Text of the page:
This time, Bitcoin ABC will introduce several changes. The first and probably main one is called “Canonical Transaction Ordering” (CTOR). While transactions can currently be included in a block in almost any order, under CTOR, transactions must be included in a specific order. The Bitcoin ABC development team believes this offers a couple of technical benefits, in part related to (future) scaling improvements.

This has meant there's been a larger demand than ever for GPUs, especially in the wake of bitcoin's sudden and massive rise in 2017. With the explosion of mining and the steady need for GPUs amongst gamers, Nvidia has been an investment worth looking into in 2018. AMD, meanwhile, has been a bit more volatile. They have proven to be two of the top manufacturers of GPUs in the wake of the bitcoin craze.


Users had a chance to pay higher transaction fees to speed up the confirmation, but this approach basically rendered Bitcoin useless as a payment method, especially when it came to smaller transactions. For instance, paying for a sandwich or a cup of coffee with BTC just simply wasn’t viable, as a $3 cup of coffee will incur a transaction fee of more than $15. Otherwise, the seller will receive an unspendable dust amount.
This brings us back to the SEC's review of the Winklevoss twins' proposal to launch a bitcoin-based ETF. Such an ETF would have solved at least some of these problems. It would have made trading bitcoin much more liquid, and assuaged many investors' fears of potential theft. Viewed in this light, bitcoin's massive sell-off on the initial news of the rejection and subsequent rise on the appeal of the decision makes a lot of sense.
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As the legend goes, in 2008 an anonymous developer published a white paper under the fake name Satoshi Nakamoto. The author was evidently a software and math person. But the paper also has some in-built ideology: the assumption that giving national governments the ability to monitor flows of money in the financial system and use it as a form of law enforcement is wrong.
A number of proposals have been made to deal with transaction processing over the years, often focusing on increasing block size. Because the Bitcoin code is not managed by a central authority, changes to the code require buy-in from developers and miners. This consensus-driven approach can lead to proposals taking a long time to finalize. This has resulted in groups creating separate blockchain ledgers using new standards, called a fork. Several forks, such as Bitcoin XT and Bitcoin Unlimited, failed to be adopted by a wide audience. Bitcoin Cash, launched in August 2017, is another fork from Bitcoin Classic.
“Bitcoin Cash is expected to conduct a hard fork upgrade on 15 November 2018. There are two competing incompatible hard fork upgrade proposals, with the associated clients being Bitcoin ABC and Bitcoin SV. On settlement, the BCHZ18 contract will settle at a price on the Bitcoin ABC side of any split and will NOT include the value of Bitcoin SV,” BitMEX said in a blog post.
The problem is that people can make money by buying things that are essentially worthless, such as used postage stamps, Beanie Babies, and (historically) tulip bulbs. Tulipmania operated on the “bigger fool” theory, also known among stock traders as “momentum investing”. For example, tulip bulb prices may be insane but they keep going up. I may be a fool to buy them, but I expect a bigger fool to buy them from me. Simply replace “buy low, sell high” with “buy high, sell higher”. This works until you run out of fools.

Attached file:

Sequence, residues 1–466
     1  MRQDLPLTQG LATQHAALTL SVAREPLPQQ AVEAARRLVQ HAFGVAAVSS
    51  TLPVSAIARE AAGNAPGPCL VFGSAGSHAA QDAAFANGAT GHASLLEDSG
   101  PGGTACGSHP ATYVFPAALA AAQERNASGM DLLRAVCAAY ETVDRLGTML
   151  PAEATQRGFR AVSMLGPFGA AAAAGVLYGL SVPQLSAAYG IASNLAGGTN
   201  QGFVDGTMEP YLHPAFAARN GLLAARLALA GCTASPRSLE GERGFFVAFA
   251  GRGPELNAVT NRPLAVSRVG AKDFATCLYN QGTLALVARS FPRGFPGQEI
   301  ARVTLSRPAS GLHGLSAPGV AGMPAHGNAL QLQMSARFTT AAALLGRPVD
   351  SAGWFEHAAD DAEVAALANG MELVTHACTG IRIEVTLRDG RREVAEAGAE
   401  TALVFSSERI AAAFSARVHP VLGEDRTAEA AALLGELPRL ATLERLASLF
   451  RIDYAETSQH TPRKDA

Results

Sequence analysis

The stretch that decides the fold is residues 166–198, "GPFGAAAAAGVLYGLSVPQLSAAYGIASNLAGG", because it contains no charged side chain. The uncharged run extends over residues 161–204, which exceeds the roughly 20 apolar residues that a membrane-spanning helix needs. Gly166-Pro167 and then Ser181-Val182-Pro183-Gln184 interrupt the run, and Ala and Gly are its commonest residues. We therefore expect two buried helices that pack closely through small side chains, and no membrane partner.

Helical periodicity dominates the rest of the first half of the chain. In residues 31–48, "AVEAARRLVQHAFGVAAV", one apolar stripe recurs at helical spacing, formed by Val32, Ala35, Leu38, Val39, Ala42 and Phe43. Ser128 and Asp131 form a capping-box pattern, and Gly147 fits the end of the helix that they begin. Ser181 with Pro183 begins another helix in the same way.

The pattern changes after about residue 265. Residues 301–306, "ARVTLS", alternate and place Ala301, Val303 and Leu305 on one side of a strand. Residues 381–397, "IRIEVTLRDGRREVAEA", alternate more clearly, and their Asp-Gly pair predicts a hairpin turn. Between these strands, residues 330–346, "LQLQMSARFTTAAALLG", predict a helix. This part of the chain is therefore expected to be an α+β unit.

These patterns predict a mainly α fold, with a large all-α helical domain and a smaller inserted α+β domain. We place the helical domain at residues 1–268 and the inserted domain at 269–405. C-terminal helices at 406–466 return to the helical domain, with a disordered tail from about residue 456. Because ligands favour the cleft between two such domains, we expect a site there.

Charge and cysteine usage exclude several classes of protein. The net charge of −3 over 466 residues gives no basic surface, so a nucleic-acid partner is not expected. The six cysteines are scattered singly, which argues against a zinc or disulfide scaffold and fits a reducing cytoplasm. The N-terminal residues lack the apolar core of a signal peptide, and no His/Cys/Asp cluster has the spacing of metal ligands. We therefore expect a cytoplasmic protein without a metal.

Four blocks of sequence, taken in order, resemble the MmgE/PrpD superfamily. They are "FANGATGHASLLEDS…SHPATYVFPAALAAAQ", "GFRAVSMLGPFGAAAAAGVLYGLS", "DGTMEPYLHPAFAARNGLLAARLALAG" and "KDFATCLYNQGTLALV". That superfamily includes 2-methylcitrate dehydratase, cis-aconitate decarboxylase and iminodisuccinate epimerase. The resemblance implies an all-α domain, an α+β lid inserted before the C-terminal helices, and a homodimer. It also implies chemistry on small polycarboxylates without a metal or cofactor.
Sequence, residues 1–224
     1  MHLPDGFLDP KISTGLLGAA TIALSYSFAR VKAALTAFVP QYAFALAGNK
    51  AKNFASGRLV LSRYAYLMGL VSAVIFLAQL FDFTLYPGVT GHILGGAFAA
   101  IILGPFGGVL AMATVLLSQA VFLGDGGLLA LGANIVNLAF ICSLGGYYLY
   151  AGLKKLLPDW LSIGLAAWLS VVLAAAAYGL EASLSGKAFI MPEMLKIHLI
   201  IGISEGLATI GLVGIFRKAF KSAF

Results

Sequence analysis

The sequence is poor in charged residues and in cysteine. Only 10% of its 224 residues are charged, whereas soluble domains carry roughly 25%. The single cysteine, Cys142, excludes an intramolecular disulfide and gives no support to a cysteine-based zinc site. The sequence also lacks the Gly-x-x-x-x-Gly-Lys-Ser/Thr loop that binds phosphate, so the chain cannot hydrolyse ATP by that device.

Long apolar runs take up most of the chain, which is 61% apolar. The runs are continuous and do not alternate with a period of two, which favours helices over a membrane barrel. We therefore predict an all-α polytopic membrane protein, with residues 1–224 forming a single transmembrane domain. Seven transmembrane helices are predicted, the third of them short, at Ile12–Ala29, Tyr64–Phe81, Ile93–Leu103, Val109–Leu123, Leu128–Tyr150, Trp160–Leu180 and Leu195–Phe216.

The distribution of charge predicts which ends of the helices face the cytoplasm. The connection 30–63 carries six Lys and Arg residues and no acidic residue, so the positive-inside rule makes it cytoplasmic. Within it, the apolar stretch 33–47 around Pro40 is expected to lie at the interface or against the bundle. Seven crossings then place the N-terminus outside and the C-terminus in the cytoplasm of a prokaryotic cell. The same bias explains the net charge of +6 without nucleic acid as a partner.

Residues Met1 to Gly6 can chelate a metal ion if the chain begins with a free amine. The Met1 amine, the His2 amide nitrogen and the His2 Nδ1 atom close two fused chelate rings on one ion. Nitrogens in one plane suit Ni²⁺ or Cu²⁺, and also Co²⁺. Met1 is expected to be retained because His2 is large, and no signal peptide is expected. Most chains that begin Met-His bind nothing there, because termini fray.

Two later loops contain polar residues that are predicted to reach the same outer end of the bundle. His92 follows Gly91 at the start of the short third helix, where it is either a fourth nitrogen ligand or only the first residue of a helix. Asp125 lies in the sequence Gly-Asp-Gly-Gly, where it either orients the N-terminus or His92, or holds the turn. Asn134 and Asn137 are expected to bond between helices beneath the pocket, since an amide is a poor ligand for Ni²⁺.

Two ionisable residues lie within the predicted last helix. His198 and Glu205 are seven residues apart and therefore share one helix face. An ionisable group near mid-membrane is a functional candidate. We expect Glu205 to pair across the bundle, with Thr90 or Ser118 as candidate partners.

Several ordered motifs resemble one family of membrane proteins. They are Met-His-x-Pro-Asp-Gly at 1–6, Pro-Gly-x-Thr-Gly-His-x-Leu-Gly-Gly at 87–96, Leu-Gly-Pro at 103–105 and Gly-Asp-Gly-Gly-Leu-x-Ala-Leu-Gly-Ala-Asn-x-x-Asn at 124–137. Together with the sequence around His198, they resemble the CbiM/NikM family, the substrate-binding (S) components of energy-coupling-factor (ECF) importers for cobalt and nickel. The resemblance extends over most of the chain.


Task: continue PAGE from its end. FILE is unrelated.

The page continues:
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Documentaries can be a great way to learn more about a subject. Especially for a subject as complex as Bitcoin, a good documentary which presents relevant information in a compelling cinematic format, will greatly accelerate learning and recollection. If you’re interested in Bitcoin and looking to learn more about it; like how it works, its history, the people or companies involved, and so on, then we have several great documentaries to recommend!

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This brings us back to the SEC's review of the Winklevoss twins' proposal to launch a bitcoin-based ETF. Such an ETF would have solved at least some of these problems. It would have made trading bitcoin much more liquid, and assuaged many investors' fears of potential theft. Viewed in this light, bitcoin's massive sell-off on the initial news of the rejection and subsequent rise on the appeal of the decision makes a lot of sense.
Though in some cases reluctantly, most other Bitcoin Cash implementations have sided with Bitcoin ABC. The biggest of these, Bitcoin Unlimited, has made its latest release compatible with the Bitcoin ABC hard fork by default — though users can configure their software to be compatible with Bitcoin SV instead. Other Bitcoin Cash implementations, such as Bitprim and Bcash, are also compatible with Bitcoin ABC.
To sell your Bitcoin or other cryptocurrencies on an exchange after purchasing, just go to the appropriate page or tab, for example, Coinbase has a Buy/Sell tab where users can buy and sell on the same page. Most exchanges will charge a fee for selling, usually around 1%-2%. The exchange CEX.io will allow users to sell Bitcoin and receive funds directly to their credit card.
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